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KCPD Has Too Many Command Staff, Sworn Officers Doing Civilian Work, Study Finds

Sam Zeff
KCUR 89.3
A staffing study found KCPD has too many managers, and not enough officers on patrols.

The Kansas City Missouri, Police department has too many people in management positions, and too many sworn officers in jobs that could be done by civilians. That’s according to a staffing study of the department presented to the Kansas City Council on Thursday.

Richard Brady, with Matrix Consulting Group, said KCPD needs to put more officers back on patrols and bulk up staffing in other areas.

“In the lab for example, right now, you’ve got backlogs of thousands of cases that you have no hope of catching up on in any reasonable time frame," Brady said.

Additionally, Brady said there are many positions in the department that could be filled with civilians.

The study suggests moving sworn officers out of those positions and back onto the streets, rather than simply hiring more officers. 

City Manager Troy Schulte says he's had time to analyze the 300-page report, which was released last month. He plans on sitting down with new KCPD Police Chief Rick Smith as soon as he’s sworn in on Aug. 15.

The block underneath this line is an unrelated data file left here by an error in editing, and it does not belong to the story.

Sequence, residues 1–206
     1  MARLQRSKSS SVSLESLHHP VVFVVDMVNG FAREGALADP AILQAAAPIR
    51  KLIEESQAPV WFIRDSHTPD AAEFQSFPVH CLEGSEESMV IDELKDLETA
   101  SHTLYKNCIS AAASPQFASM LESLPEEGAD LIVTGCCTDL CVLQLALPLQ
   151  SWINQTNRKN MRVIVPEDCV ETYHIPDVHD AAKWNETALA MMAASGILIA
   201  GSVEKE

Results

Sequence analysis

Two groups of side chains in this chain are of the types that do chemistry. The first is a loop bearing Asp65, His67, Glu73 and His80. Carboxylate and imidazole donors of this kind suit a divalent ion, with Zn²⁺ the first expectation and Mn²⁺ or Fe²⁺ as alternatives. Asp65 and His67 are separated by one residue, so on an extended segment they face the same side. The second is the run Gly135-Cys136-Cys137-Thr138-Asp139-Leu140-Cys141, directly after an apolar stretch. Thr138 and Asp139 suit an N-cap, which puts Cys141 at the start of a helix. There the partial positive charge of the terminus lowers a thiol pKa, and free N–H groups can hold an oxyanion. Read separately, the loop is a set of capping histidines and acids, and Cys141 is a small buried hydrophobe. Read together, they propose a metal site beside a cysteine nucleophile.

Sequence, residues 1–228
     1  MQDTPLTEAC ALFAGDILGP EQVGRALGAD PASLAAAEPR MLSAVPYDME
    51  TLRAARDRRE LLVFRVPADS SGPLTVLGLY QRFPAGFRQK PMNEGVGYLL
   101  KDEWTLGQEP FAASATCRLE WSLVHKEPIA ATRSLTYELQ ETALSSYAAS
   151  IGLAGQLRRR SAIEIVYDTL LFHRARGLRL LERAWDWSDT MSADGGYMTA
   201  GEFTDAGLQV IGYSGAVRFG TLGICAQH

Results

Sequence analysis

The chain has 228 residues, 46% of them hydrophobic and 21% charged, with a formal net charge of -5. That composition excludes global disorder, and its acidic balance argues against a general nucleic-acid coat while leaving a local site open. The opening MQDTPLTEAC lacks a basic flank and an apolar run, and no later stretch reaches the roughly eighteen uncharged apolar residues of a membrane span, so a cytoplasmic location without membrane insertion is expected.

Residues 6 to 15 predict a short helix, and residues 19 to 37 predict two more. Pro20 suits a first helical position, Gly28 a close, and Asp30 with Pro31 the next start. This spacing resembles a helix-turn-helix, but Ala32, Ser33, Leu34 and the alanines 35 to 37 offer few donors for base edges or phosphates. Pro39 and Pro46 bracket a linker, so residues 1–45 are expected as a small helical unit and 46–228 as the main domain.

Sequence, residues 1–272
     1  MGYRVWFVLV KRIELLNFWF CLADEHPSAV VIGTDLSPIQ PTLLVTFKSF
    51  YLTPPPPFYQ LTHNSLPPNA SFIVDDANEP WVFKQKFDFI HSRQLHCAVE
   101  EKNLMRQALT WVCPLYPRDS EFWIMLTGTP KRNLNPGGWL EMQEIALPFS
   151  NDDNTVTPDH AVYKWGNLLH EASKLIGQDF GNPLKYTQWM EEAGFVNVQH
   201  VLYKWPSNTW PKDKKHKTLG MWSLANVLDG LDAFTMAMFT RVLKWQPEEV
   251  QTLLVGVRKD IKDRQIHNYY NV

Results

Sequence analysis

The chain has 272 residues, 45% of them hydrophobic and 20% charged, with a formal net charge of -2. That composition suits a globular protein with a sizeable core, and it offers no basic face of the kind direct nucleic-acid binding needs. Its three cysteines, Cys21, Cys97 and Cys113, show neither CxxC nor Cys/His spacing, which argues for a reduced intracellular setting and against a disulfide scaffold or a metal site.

“I think the whole issue is, can we get out of having uniformed, sworn personnel doing, essentially, civilian work and better deploy those resources,” Schulte said. 

Nearly 80 percent of the city's general fund operating budget is focused on public safety, which includes police and firefighters. 

Among other recommendations, the study suggested cutting back on two-officer patrol cars, except in special circumstances.  

It also recommends gradually reducing the number of management positions, and implementing a system to track performance to better address issues. 

Lisa Rodriguez is a reporter and the afternoon newscaster at KCUR 89.3. Connect with her on Twitter @larodrig

Slow news days are a thing of the past. As KCUR’s news director, I want to cut through the noise, provide context to the headlines, and give you news you can use in your daily life – information that will empower you to make informed decisions about your neighborhood, your city and the region. Email me at lisa@kcur.org or follow me on Twitter @larodrig.
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